• Related reading: Confessions of a Greenpeace Dropout - Patrick MooreView Source

Greenpeace went from saving whales and seals to believing that mass human extinction could be a good thing for the earth.

  • The first Greenpeace mission was to stop hydrogen bomb testing in Alaska in 1971. It moved to clear -cut environmental issues like saving whales from extinction in 1975 and saving seals in 1978. However, in the 1980s, as former Greenpeace Canada president Patrick Moore explained, Greenpeace drifted away from its humanitarian emphasis towards a view that “humans are the enemies of the earth.”View Source
  • Related reading: Environmentalism Gone Mad - Alan CarlinView Source

For groups like Greenpeace, the environment is more valuable than human life.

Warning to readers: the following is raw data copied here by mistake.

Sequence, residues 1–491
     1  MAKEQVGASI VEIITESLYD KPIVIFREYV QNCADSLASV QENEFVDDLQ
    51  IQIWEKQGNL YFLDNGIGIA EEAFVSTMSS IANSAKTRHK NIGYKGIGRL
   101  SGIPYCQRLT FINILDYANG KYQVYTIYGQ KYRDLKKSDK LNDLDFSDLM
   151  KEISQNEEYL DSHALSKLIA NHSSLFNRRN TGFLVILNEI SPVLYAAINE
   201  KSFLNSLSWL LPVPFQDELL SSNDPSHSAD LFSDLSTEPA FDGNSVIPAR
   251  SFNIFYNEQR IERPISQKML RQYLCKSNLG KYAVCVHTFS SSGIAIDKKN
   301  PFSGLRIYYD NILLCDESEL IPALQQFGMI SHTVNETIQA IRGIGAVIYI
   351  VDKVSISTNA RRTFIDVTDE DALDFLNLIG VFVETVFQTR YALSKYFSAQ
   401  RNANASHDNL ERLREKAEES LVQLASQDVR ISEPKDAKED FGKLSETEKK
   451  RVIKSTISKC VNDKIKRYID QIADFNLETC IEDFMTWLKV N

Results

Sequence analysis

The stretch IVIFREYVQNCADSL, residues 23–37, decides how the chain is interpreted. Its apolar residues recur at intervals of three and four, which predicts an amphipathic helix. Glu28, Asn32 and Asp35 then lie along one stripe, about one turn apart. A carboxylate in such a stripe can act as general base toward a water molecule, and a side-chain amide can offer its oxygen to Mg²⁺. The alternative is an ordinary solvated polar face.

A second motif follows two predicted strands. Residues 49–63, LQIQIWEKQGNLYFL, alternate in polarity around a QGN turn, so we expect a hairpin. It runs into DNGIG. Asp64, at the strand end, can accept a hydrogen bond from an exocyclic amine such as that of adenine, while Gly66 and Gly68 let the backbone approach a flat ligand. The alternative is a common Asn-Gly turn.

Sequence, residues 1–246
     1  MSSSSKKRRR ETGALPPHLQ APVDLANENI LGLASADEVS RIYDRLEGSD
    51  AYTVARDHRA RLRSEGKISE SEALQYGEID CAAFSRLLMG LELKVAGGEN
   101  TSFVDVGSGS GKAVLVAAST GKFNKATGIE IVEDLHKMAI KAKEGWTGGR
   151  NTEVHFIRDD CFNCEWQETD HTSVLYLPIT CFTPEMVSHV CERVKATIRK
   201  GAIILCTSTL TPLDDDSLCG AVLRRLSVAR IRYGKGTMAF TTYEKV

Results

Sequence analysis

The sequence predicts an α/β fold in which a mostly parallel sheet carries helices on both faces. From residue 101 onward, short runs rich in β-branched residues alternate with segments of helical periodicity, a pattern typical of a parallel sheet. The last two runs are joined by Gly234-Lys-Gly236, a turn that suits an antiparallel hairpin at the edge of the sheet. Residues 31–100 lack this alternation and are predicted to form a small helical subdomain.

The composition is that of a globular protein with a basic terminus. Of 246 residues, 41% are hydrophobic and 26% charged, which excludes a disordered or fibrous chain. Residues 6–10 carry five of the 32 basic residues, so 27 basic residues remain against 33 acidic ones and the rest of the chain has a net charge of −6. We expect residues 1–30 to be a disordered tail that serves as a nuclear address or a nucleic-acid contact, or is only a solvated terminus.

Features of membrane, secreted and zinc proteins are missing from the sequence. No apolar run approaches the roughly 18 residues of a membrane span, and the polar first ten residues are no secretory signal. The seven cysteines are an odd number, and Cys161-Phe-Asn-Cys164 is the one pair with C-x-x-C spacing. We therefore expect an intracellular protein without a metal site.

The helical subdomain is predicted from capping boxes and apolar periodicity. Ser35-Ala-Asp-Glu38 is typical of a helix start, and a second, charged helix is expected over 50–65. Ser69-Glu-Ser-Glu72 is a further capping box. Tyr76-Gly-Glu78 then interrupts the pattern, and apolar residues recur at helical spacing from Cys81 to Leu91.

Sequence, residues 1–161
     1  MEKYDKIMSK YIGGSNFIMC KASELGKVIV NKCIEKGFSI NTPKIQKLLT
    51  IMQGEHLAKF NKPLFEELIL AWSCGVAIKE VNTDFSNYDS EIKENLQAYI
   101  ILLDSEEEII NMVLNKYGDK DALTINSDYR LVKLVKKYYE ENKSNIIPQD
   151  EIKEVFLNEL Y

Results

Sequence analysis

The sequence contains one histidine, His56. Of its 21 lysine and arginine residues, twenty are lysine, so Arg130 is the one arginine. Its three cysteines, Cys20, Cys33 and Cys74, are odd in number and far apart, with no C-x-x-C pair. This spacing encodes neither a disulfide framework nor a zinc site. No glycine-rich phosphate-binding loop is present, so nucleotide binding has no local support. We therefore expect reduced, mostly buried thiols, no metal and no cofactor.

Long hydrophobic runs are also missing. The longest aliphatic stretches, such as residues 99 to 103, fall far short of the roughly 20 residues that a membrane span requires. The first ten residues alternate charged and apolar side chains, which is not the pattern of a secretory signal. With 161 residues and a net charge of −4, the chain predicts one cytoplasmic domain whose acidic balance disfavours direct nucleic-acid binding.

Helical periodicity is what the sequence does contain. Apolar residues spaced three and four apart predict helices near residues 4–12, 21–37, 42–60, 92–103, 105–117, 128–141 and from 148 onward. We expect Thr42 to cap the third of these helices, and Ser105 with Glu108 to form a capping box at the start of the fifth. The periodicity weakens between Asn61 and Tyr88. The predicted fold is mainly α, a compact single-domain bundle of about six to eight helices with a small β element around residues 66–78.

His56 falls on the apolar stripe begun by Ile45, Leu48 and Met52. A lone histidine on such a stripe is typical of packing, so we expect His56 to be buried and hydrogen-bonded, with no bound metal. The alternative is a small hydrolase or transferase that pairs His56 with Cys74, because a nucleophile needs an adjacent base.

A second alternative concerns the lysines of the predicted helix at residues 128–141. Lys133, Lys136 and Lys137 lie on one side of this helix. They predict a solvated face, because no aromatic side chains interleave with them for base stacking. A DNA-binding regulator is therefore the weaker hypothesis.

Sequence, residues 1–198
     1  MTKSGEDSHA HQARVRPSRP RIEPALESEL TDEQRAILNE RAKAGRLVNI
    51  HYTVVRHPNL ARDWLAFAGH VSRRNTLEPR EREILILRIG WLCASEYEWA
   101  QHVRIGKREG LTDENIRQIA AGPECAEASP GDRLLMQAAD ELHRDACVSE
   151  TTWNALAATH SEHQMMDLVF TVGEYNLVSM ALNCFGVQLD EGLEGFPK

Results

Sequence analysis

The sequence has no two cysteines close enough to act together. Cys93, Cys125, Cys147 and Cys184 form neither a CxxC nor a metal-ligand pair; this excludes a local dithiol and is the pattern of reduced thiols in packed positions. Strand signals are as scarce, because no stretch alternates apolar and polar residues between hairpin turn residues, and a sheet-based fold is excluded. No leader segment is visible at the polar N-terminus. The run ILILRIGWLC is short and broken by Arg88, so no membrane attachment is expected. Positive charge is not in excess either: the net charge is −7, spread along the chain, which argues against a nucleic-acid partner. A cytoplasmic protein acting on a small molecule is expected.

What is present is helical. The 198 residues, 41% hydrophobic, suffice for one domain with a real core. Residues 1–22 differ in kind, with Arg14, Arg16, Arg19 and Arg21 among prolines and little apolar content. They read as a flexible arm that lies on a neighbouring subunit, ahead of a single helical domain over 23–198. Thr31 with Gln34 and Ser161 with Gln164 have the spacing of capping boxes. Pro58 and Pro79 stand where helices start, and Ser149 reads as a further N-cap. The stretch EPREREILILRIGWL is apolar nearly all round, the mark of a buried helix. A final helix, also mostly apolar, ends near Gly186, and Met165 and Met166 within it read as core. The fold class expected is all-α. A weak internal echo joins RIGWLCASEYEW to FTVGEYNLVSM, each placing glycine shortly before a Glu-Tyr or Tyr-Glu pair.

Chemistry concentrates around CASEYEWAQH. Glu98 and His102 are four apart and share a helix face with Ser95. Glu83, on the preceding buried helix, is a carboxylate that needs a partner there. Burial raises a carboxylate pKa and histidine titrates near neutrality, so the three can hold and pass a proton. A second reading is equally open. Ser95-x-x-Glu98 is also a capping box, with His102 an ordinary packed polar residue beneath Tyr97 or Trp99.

• In the 1980s, as former Greenpeace Canada president Patrick Moore explained, Greenpeace drifted away from its humanitarian emphasis towards a view that “humans are the enemies of the earth.”View Source
  • Related reading - Trees are the Answer - Patrick MooreView Source

Evidence of Greenpeace being an anti-human organization: It opposes the use of Golden Rice, a GMO that could save millions of lives.

  • Greenpeace has opposed the adoption of Golden Rice—a genetically modified strain of rice that contains vitamin A—as a source of food in the third world.View Source
  • Approximately two million people each year die from vitamin A deficiency, and more suffer irreversible blindness.View Source
  • Opposition to Golden Rice is emblematic of Greenpeace’s move away from humanitarian environmentalism.View Source
  • Related reading: Confessions of a Greenpeace Dropout - Patrick MooreView Source

In 1971 I helped found an environmental group in the basement of a Unitarian church in Vancouver, Canada. Fifteen years later, it had grown into an international powerhouse. We were making headlines every month. I was famous. And then I walked out the door. 

The mission, once noble, had become corrupted -- political agendas and fear mongering trumped science and truth. Here's how it happened.